The coal-fired baking of bricks generates more CO2 annually than the entire aviation industry. A biomanufacturing process aims to change that, replacing fire with a mixture of non-pathogenic bacteria and sand. It's cheap, and the inventor, Professor Ginger Dosier, says it produces better and more sustainable bricks.
Biomanufactured Brick: Bricks Without Clay or Carbon (via Beyond the Beyond)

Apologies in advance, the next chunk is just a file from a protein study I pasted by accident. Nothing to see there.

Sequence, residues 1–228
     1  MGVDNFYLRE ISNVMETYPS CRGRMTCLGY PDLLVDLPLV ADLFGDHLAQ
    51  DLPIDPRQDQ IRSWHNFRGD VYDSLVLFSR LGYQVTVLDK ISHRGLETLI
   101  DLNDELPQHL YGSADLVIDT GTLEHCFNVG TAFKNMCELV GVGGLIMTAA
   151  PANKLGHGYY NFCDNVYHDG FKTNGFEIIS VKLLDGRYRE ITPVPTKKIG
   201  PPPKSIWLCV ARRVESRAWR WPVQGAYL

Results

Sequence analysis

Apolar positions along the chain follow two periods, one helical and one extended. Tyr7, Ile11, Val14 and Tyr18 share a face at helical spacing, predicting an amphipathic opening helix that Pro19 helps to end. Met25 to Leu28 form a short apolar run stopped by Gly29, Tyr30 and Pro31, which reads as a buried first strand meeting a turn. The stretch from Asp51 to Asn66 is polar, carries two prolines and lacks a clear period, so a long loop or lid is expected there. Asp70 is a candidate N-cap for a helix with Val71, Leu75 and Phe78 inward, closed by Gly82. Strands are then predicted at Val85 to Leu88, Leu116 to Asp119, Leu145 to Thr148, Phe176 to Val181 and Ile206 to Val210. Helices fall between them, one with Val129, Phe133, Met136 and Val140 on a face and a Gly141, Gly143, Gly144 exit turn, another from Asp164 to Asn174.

There are over 1.3 trillion bricks manufactured each year worldwide, and over 10% are made by hand in coal-fired ovens. On average, the baking process emits 1.4 pounds of carbon per brick - more than the world's entire aviation fleet. In countries like India and China, outdated coal-fired brick kilns consume more energy, emit more carbon, and produce great quantities of particulate air pollution. Dosier's process replaces baking with simple mixing, and because it is low-tech (apart from the production of the bacterial activate), can be done onsite in localities without modern infrastructure. The process uses no heat at all:mixing sand and non-pathogenic bacteria (sporosar) and putting the mixture into molds. The bacteria induce calcite precipitation in the sand and yield bricks with sandstone-like properties. If biomanufactured bricks replaced each new brick on the planet, it would save nearly 800 million tons of CO2 annually.